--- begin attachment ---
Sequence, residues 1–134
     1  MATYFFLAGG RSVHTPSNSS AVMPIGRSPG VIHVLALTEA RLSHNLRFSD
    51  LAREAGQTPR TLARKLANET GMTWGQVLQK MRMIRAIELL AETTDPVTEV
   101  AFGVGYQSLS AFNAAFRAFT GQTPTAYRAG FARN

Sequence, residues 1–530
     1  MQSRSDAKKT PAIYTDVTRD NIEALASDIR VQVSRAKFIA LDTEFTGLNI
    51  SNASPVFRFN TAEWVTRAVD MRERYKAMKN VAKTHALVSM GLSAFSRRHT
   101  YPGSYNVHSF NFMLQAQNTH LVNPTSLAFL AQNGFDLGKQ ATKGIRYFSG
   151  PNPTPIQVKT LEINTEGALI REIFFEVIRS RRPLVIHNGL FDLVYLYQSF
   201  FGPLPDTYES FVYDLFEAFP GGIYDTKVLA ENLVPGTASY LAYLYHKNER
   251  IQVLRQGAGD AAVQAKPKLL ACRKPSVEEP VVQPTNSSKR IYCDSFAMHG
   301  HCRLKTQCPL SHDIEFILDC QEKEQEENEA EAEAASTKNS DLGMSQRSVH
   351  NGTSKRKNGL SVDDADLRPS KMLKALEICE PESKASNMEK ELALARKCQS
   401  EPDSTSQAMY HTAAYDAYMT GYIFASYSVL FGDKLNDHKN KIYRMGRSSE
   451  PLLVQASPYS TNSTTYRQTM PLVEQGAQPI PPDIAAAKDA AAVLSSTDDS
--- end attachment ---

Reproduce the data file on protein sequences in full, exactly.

Sequence, residues 1–134
     1  MATYFFLAGG RSVHTPSNSS AVMPIGRSPG VIHVLALTEA RLSHNLRFSD
    51  LAREAGQTPR TLARKLANET GMTWGQVLQK MRMIRAIELL AETTDPVTEV
   101  AFGVGYQSLS AFNAAFRAFT GQTPTAYRAG FARN

Sequence, residues 1–530
     1  MQSRSDAKKT PAIYTDVTRD NIEALASDIR VQVSRAKFIA LDTEFTGLNI
    51  SNASPVFRFN TAEWVTRAVD MRERYKAMKN VAKTHALVSM GLSAFSRRHT
   101  YPGSYNVHSF NFMLQAQNTH LVNPTSLAFL AQNGFDLGKQ ATKGIRYFSG
   151  PNPTPIQVKT LEINTEGALI REIFFEVIRS RRPLVIHNGL FDLVYLYQSF
   201  FGPLPDTYES FVYDLFEAFP GGIYDTKVLA ENLVPGTASY LAYLYHKNER
   251  IQVLRQGAGD AAVQAKPKLL ACRKPSVEEP VVQPTNSSKR IYCDSFAMHG
   301  HCRLKTQCPL SHDIEFILDC QEKEQEENEA EAEAASTKNS DLGMSQRSVH
   351  NGTSKRKNGL SVDDADLRPS KMLKALEICE PESKASNMEK ELALARKCQS
   401  EPDSTSQAMY HTAAYDAYMT GYIFASYSVL FGDKLNDHKN KIYRMGRSSE
   451  PLLVQASPYS TNSTTYRQTM PLVEQGAQPI PPDIAAAKDA AAVLSSTDDS